I have one site left on my list to visit for my Margaret Sanger journey here in NYC: the former location of the American Women’s Association Clubhouse. There are two occasions which bring me here. The first is an event on November 12, 1931, when Sanger received the Medal of Achievement from the American Women’s Association. According to Pokorski of the Mapping Margaret Sanger project, Eleanor Roosevelt spoke at this event. Roosevelt was a supporter of birth control, and along with her husband Franklin, was a friend of Sanger’s. But when Franklin Roosevelt was running for the presidency and then, once he had won it, neither he nor Eleanor would publicly endorse birth control on the advice of his staff and political supporters. This AWA event was, then, was one of the last occasions where Eleanor would publicly endorse this movement until the Roosevelt presidency was far behind her.
Almost half a year later, on April 20, 1932, the AWA also gave a testimonial dinner here in Sanger’s honor. Sanger was deeply moved as so many of her friends and colleagues extolled her hard work and thanked her for it; her great friend and occasional lover H.G. Wells extolled her as ‘the greatest revolutionary bacteriologist the world has ever known.’
I have now completed this particular journey following the life and ideas of Margaret Sanger in New York City. But I am not done with her life and ideas by any means. Please stay tuned as I continued to explore her ideas and the ways in which they change the world! And thank you for accompanying me thus far…
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Sources and inspiration:
‘Advice to Married Ladies‘, Madame Restell abortion ad in The New York Times, Nov 9th, 1865, via Newspapers.com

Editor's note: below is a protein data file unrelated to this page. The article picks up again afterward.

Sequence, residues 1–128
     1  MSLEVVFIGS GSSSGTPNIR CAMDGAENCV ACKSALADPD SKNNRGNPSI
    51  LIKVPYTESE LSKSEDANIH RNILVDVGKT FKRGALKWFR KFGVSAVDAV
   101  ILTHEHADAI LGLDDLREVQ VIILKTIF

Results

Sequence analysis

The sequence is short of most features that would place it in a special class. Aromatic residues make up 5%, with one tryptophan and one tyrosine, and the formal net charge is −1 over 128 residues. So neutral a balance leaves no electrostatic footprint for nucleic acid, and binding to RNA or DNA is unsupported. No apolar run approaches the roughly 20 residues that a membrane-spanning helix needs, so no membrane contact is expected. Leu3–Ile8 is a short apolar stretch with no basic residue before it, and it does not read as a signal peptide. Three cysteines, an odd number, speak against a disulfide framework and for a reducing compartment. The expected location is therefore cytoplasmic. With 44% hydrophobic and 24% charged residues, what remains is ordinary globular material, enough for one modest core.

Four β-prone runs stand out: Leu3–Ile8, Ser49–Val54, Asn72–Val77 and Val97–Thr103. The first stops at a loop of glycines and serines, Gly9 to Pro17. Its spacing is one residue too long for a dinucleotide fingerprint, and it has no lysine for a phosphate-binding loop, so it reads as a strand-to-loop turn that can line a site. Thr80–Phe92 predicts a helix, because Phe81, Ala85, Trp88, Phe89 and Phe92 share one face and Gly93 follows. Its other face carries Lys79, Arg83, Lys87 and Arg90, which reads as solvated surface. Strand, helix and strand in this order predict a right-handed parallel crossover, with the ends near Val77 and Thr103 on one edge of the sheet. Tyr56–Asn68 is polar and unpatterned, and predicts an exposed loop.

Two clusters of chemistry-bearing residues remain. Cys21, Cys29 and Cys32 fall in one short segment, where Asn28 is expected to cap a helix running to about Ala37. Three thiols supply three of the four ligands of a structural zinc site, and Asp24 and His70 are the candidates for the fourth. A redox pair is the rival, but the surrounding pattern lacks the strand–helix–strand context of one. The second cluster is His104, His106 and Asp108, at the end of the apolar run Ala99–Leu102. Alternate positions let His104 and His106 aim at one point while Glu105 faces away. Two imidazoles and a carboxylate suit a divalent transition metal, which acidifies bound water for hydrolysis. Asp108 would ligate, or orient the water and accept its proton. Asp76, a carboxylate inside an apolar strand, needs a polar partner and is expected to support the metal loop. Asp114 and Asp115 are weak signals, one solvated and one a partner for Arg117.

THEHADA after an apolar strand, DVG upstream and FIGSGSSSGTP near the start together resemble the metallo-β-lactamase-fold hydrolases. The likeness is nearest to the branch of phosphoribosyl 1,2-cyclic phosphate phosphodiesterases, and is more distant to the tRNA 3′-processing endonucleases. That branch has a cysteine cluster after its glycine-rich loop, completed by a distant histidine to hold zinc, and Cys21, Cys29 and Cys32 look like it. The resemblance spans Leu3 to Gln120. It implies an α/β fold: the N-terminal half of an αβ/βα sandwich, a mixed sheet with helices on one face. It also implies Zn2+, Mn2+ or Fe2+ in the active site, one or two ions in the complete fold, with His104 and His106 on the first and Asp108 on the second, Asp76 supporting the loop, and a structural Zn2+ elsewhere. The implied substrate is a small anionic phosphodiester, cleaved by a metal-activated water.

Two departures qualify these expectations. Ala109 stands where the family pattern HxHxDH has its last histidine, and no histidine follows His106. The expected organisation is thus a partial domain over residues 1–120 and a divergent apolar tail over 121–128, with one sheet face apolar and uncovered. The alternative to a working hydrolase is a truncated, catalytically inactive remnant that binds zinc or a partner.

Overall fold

Bromley, G.W. and Co. Atlas of the Borough of Manhattan, City of New York. Desk and Library edition, 1916, Plate*** and Plate***. Retrieved from Lionel Pincus and Princess Firyal Map Division Digital Collection, The New York Public Library.
Buhle, Mari Jo. ‘Women & the Socialist Party’ Radical America, Feb 1970, Vol, IV, 4F2, via National Progressive Review
Chesler, Ellen. Woman of Valor: Margaret Sanger and the Birth Control Movement in America. New York: Simon & Schuster, 1992
Engelman, Peter C., ““Dangerous Thoughts”? Margaret Sanger’s World Trip Journal, Japan, 1922” (2010). Documentary Editing: Journal of the Association for Documentary Editing (1979-2011). Paper 28.
Eig, Jonathan. The Birth of the Pill: How Four Crusaders Reinvented Sex and Launched a Revolution. W.W. Norton & Company, New York, 2014.
Gray, Christopher. ‘Streetscapes/The Henry Hudson Hotel, 353 West 57th Street; From Women’s Clubhouse to WNET to $75 a Night.’ The New York Times, Jan. 4, 1998
Lizza, Ryan. ‘The Abortion Capital of America: As the Pro-Life Movement Intensifies Nationwide, New York Contemplates its History and Future as a Refuge‘. New York magazine, June 2014
‘Margaret Sanger and Eleanor Roosevelt – The Burden of Public Life‘, The Margaret Sanger Papers Project Newsletter #11 (Winter 1995)
‘Margaret Sanger On Trial – Will Hunger Strike‘. The Day Book, Chicago, Jan 29, 1917, last edition, Image 29, via LOC’s Chronicling America